The breeze on your face, the freedom of the open road and the welcome burn in your thighs.
A good bike ride can cure many ailments.
Eighteen years ago, Amy Seltzer, yet another newcomer to the Pikes Peak area, noticed that bicycles were a staple in the community. A burgeoning artist herself, she imagined an intersection between bicycles and the visual arts, and created the ROLL Bike Art Festival, a celebration of bicycle-themed art.
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“The first year was a blast,” Seltzer said. “I knew I was on to something, because in 2005 we had our first ROLL, in the old Smokebrush building, and when it opened, it was wall-to-wall people.”
Since that inaugural event, the festival has featured work by more than 250 artists, partnered with 150 organizations, and taken place at 15 venues in the Pikes Peak region.
“It’s very important for athletes to be more sensitive and for performers to be more active,” she said.
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The 18th annual free festival, themed “The Road Less Travelled,” takes place Friday at the Buffalo Lodge Bicycle Resort and also features vendors, live music and food. Work will continue next year.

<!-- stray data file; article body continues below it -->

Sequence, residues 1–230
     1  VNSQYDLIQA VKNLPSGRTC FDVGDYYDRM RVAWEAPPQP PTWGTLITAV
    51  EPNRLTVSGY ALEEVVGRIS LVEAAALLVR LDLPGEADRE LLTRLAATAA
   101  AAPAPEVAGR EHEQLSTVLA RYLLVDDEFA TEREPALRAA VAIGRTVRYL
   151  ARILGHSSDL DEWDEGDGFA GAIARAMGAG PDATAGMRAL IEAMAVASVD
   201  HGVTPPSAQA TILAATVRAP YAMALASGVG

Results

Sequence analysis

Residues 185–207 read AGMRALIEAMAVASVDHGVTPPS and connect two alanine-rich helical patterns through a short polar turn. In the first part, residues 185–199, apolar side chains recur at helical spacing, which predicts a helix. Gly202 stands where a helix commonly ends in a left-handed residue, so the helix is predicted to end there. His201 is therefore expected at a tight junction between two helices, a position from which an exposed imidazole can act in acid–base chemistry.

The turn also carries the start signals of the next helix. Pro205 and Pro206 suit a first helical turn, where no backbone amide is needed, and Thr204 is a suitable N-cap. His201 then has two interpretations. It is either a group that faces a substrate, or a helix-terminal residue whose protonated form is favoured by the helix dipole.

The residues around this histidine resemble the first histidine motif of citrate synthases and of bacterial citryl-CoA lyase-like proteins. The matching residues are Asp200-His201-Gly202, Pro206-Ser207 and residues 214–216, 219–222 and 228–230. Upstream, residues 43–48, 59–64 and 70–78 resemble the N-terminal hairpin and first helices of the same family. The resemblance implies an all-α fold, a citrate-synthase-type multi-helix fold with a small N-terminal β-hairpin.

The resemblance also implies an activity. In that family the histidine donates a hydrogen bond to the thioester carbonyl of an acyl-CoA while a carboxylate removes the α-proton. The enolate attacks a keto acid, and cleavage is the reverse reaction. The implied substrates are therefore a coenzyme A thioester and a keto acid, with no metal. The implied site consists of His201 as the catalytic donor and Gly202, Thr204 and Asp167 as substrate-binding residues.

Over 20 pieces have been selected for this year’s exhibition, including paintings, photos and sculptures. Notably, three artists submitted artistic skulls, including Susan Dallam’s “Palmer Park Buffalo Skull,” a skull she decorated with images of bicycles.
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The festival is a chance for members of the cycling community to catch up, having spent much of the year on the sidelines pursuing their cycling hobby across the country. And Seltzer is also noticing an increase in interest in the hobby, possibly related to the pandemic.
“We don’t have a lot of information about COVID-19 that we know is a fact, but we know being healthy and staying healthy is a really good idea right now,” he said. she declared. “People are turning to cycling and thinking it’s part of the future – to be fit and healthy, to get out and enjoy the sun and the fresh air.”
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